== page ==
Stimulating and Nurturing Professionalisms, Creativity and Innovation in Organization
Keywords:professionalism, creativity, innovation, knowledge management
Knowledge management is an emerging discipline and professionalism, creativity, innovation, organization and teams need to be thought about in this new context. This paper creates a framework in which to discuss these concepts with literature research. It goes on to explore how our professionalisms, creativity and innovations is blocked in variety ways, including deep-seated beliefs about the world. The need for professional skills today in workplace faces a number of challenges, especially in unfamiliar and unpredictable situations. Finally this paper takes a brief look at two tools to support knowledge management, professionalisms, creativity and innovations - one in the human domain and the other in the technology domain. We are also needs to boost its capacity for continuous professionalism, creativity and innovation for both technology, social, economic, and organization reasons.
Bellman, L. M. (2001). Bricks and mortar: 21st century survival. Business Horizons, May-June, pp 21-28.
Bergek, A. (2002). Shaping and exploiting technological opportunities: the case of renewable energy technology in Sweden. Unpublished thesis, Chalmers University of Technology, Göteborg, Sweden.
Byrd, J., & Brown, P. L. (2003). The innovation equation: building creativity and risk taking in your organization. San Francisco, CA: Jossey-Bass/Pfeiffer.
Cabral, R. (2003). Development, science and. In J. L. Heilbron (Ed.), The oxford companion to the history of modern science (pp. 205-207). New York: Oxford University Press.
Carlsson, B., & Stankiewicz, R. (1991). On the nature, function, and composition of technological systems. Journal of Evolutionary Economics 1 p. 111.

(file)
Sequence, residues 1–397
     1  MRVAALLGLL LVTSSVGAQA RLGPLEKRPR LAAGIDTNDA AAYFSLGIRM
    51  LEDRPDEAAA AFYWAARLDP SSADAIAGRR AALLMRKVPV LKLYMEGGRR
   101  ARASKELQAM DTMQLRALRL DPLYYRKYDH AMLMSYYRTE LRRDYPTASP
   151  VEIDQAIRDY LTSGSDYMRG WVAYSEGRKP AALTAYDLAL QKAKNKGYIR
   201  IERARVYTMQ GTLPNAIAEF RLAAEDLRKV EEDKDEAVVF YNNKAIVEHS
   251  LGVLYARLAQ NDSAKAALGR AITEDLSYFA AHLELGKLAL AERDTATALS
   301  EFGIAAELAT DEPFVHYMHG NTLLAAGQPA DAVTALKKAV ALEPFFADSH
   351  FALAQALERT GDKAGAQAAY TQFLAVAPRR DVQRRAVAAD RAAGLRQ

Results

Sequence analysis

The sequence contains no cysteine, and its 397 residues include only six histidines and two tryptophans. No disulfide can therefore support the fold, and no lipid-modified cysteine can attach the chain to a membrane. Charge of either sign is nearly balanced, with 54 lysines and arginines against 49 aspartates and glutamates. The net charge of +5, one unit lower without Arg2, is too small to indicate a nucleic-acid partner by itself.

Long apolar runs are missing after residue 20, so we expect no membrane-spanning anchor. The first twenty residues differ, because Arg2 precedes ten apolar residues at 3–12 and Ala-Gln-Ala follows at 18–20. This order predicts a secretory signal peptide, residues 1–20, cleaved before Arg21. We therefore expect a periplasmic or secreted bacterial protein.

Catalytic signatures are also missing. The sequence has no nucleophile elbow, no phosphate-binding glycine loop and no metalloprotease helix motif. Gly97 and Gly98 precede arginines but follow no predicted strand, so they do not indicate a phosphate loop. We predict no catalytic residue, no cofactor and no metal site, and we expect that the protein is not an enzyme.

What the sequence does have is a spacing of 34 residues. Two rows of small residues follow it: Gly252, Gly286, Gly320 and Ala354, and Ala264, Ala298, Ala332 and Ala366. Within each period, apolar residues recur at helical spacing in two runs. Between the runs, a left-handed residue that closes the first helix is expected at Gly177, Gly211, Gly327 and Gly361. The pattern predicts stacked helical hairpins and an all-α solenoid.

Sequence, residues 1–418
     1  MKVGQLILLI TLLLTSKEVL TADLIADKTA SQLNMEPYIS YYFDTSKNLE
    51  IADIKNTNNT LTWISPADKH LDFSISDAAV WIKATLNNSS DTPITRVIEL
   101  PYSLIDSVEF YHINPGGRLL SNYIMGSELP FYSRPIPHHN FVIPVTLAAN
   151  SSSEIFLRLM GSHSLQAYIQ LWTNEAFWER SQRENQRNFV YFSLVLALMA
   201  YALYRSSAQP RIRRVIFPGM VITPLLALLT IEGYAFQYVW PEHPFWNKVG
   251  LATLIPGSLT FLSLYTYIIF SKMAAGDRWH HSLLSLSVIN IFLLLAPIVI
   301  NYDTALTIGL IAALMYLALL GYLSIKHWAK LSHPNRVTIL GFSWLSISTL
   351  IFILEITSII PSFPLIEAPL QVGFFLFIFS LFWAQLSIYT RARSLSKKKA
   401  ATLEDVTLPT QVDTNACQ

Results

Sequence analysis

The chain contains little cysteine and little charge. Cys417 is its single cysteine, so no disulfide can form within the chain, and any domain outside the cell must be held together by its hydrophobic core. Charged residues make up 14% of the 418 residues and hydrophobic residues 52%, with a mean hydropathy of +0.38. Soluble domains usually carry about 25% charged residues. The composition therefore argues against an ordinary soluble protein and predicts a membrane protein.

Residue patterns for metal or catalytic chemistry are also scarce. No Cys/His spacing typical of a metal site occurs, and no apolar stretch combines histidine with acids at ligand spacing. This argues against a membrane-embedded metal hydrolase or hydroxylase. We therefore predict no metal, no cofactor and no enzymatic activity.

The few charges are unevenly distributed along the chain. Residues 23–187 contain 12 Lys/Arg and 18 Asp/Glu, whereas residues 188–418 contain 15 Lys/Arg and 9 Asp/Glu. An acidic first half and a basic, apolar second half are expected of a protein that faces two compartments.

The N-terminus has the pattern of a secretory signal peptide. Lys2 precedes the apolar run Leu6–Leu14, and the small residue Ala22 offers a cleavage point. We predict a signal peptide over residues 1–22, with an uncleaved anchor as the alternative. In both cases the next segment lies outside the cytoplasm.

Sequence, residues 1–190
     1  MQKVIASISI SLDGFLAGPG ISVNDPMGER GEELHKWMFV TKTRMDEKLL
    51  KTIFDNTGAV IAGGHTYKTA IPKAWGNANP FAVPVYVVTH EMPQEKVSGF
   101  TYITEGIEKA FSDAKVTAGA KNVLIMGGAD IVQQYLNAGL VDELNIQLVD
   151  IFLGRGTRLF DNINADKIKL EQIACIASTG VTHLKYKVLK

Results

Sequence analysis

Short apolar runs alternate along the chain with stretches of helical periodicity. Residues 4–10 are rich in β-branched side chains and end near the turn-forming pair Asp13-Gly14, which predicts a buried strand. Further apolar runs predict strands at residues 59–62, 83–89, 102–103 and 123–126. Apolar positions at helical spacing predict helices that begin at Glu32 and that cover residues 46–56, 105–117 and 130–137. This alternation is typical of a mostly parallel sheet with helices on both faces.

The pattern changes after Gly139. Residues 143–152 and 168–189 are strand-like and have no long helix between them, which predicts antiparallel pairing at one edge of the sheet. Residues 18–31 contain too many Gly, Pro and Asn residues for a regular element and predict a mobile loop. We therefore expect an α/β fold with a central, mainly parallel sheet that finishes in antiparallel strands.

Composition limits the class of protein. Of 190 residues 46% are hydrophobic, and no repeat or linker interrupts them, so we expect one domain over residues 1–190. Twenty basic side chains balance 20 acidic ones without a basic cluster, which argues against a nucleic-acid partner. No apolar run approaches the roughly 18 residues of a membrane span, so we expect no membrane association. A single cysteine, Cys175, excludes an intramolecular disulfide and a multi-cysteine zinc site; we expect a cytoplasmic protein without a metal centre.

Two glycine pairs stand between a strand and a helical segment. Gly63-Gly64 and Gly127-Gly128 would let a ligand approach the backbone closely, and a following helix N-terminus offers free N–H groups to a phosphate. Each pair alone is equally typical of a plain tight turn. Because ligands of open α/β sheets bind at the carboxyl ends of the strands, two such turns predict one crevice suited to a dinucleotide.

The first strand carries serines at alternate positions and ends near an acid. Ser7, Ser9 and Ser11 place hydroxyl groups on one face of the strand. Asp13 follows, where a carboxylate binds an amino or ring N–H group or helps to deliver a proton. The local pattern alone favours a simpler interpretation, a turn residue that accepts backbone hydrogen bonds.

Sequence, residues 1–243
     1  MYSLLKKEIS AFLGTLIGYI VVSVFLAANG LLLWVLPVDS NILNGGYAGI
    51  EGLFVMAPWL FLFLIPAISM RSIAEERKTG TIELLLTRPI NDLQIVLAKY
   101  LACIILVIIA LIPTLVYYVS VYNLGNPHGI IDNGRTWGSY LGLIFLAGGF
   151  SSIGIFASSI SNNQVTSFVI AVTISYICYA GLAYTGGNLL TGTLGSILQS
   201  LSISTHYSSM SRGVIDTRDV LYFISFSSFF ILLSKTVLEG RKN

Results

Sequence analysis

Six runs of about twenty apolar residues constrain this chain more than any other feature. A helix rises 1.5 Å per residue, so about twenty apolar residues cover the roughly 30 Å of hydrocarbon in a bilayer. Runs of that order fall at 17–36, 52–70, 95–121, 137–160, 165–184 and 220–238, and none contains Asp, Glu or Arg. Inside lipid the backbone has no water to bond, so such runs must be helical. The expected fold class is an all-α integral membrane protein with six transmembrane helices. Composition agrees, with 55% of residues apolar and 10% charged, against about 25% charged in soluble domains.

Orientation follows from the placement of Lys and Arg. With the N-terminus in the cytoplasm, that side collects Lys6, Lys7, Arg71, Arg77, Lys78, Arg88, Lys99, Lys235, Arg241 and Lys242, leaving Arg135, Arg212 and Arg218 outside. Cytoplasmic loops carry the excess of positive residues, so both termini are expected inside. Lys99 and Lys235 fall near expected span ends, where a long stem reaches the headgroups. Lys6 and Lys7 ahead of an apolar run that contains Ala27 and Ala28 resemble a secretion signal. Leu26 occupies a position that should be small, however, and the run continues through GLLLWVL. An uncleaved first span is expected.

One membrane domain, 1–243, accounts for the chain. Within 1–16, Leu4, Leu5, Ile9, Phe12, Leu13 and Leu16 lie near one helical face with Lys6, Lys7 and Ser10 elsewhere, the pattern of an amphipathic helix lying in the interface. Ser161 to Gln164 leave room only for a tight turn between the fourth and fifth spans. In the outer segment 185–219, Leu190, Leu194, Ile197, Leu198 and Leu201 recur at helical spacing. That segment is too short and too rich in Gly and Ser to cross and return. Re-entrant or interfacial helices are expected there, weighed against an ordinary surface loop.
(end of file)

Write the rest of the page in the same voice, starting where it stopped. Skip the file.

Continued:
Chakravorti, B. (2003). The slow pace of fast change: bringing innovations to market in a connected world. Boston, MA: Harvard Business School Press.
Chesbrough, H. W. (2003). Open innovation: the new imperative for creating and profiting from technology. Boston, MA: Harvard Business School Press.
Clarendon Press. (1989). Oxford English Dictionary (2nd ed.). Oxford.
Davila, T., Epstein, M. J., & Shelton, R. (2006). Making innovation work: how to manage it, measure it, and profit from it. Upper Saddle River: Wharton School Publishing.
Dees, J. G., et al. (2007). In and out of sync: growing social innovations. London: NESTA.
Ettlie, J. E. (2006). Managing innovation (2nd ed.). Butterworth-Heineman, an imprint of Elsevier.
Evangelista, R. (2000). Sectoral patterns of technological change in services, economics of innovation. Economics of Innovation and New Technology 9: 183–21.
Freeman, C. (1995). The national system of innovation' in historical perspective. Cambridge Journal of Economics 19, p. 5-24.
Freidson, E. (1994). Professionalism reborn. Chicago: University of Chicago Press.
Gloor, P. A. (2005). Swarm creativity: competitive advantage through collaborative innovation networks. USA: Oxford University Press.
Gloor, P., & Cooper, P. (2007). Coolhunting: chasing down the next big thing. AMACOM.
Hamel, G. (2001). Avoiding the guillotine. Fortune, April, 2, pp.139-144.
Harvey, L., Moon, S., & Geall, V. (1997). Graduates' work: organistational change and students' attributes. Retrieved from http://www.shu.ac.uk/research/cre/publications/eair99.pdf
Hekkert, M. P., Suurs, R. A. A., Negro, S. O., Kuhlmann, S., & Smits, R. E. H. M. (2007). Functions of innovation systems: a new approach for analyzing technological change. Technological Forecasting & Social Change 74, p. 413-432.
Hit, M. A., Ireland, R. D., & Hoskisson, R. E. (2001). Strategic Management (4th ed.). South Western, Cincinnati, OH.
Howaldt, J., & Schwarz, M. (2010). Social innovation: concepts, research fields and international trends. IMO International monitoring.
Howard Partners. (2006). Changing paradigms: rethinking innovation policies, practices and programs. In Report to the Business Council of Australia, Business Council of Australia, New concepts in innovation: the keys to a growing Australia (p. 4). Retrieved from http://www.bca.com.au/content.aspx?ContentID=100408